There are three phases in creating my work: design, carving and finish. Each phase is important in developing a piece that attracts the viewer emotionally, visually and tactilely.
After identifying a subject bird, design begins with a series of sketches and drawings. The goal in this process is to develop a form and a painting scheme that will convey spirit and life as well as a clear representation of the bird species. Final drawings are transferred to cardstock patterns.
Using these patterns the profiles of the piece are cut from white pine using a bandsaw. Then carving begins. Carving takes very little time and is accomplished with one simple knife. This process leaves sharp edges — facets — that are sanded and smoothed. Eyes (made of copper and brass rivets) and legs (from baling wire) are affixed.
Finish is very important in my work and requires the largest investment of time. I desire a finish that is warm and smooth and appears to have been well loved for some time. This is accomplished with a combination of traditional and modern materials. Each bird is sealed with orange shellac. This is followed by the application of one or more layers of under-painting using acrylic house paint. The bird is then painted using the color scheme developed during the planning phase. Following painting the birds are distressed in a well developed manner that mindfully reflects the condition of a piece that has been carefully handled for many generations. Each piece then receives another application of orange shellac and a final wax and buff.
During the painting phase I develop the mount for each bird. Most mounts are made from a combination of wooden disks or pedestals that incorporate the use of natural twigs and sticks. These pieces are painted and finished in the same manner as the bird sculptures.
Each piece is completed when the various components — bird (or birds), twig and base — are brought together in a way that conveys the spirit and life of the bird.
Each piece is numbered, signed, tagged, labeled and catalogued.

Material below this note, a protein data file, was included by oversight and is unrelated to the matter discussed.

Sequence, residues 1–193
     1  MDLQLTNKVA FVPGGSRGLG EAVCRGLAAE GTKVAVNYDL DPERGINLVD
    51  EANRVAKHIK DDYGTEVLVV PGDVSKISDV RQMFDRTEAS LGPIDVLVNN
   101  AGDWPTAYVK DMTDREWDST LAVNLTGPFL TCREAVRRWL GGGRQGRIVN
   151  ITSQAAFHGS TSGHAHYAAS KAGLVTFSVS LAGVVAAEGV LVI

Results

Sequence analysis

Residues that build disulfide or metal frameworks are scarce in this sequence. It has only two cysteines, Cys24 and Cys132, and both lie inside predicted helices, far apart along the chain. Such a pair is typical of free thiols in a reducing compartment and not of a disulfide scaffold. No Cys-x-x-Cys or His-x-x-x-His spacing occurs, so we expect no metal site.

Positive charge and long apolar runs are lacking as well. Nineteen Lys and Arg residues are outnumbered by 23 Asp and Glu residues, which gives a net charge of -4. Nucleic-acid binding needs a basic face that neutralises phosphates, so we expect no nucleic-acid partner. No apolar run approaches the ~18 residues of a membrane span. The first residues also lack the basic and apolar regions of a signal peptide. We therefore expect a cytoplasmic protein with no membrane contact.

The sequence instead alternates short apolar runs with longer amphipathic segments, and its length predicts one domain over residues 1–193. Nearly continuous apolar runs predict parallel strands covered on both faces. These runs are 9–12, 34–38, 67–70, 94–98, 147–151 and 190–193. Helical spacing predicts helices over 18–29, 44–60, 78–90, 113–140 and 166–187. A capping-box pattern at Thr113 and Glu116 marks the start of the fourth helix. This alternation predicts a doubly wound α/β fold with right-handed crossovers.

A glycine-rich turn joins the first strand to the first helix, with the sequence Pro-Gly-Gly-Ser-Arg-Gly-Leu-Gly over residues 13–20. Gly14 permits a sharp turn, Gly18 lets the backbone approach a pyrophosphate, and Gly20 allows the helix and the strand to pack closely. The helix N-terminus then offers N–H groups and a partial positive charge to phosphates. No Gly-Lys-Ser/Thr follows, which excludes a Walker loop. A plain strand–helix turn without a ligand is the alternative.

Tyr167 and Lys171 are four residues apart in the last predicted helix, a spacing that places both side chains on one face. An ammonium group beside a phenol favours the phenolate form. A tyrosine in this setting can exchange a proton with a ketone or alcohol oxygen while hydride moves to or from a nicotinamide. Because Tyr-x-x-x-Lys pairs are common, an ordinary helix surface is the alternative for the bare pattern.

*Describe how your work is original and/or authentic. The jury panel will review 1.) how original your work is ? how it reflects a unique style, personal expression or interpretation, and 2.) how authentic your work is ? how it exhibits a tradition or heritage of Indiana communities and groups. These intentionally are broad areas for review so that they apply in some way to the work of every applicant. As you describe the originality/authenticity of your work, do your best to address these two areas.
When I set upon carving little birds I had two themes in mind.
I’ve been carving and building things my entire lifetime. Wooden boats, furniture and ukuleles have all been products of my labors. While I enjoy building these things I sought out little birds as a way to connect my work with my family’s ethnic traditions.
Pennsylvania-Germans have settled in Indiana since the end of the revolutionary War. My parents moved Indiana shortly before I was born. In my creative pursuits including architecture, music and luthiery I’ve always sought out the Indiana traditions, connections and practices within these disciplines.
I bring these two themes together in carving Indiana birds in the Pennsylvania-German tradition.
In order to stay focused on the traditions of my discipline I have limited my tools and materials to only those (or their modern equivalents) that were available before the 1930s. The end of the great depression seems to have marked an end to the vernacular styles of carving that I pursue.
Within these restrictions of tools and materials my work continues to develop and to grow. Without losing their folk quality that are becoming more spirited and artful.
Describe how marketable your work is. The jury panel will review 1.) the appropriateness of the product for marketing activities of Indiana Artisan, specifically whether it supports the development of the Indiana Artisan brand, 2.) whether the pricing of your work is appropriate given the markets Indiana Artisan works in and intends to work in, and 3.) whether, given those markets, Indiana Artisan believes it can help expand wholesale/retail opportunities for your work.
My carvings are about more than the birds that they represent. I’m convinced, from interactions with my audience and my own experiences, that almost everyone has a bird that that they relate to in a special way. Folks tell me that cardinals are reminders of their lost fathers or wrens of their mothers. People have told me that crows represent their own spirit. My artwork provides people with a way to hold that bird and memory in their hand, share it with other people and display it on the mantlepiece.
In the last 18 months I’ve produced close to 200 birds. Through art shows, consignment, retail sales and online sales I’ve consistently sold work at the prices I desire. While I focus on Indiana birds I’ve sold work to folks across the United States. My online presence and collector base continues to grow. There is no reason to doubt that with continued effort this trend will not continue.
* All artwork is one-of-a-kind, but describe why you believe your artwork is original and how it reinforces an overall brand of quality work created by an Indiana Artisan.
Drawing from the Pennsylvania-German traditions and focusing Indiana songbirds I have developed a consistent style of carvings that is unique. It has been my intention, from the beginning, to develop a style of work that represents Indiana songbirds and traditions.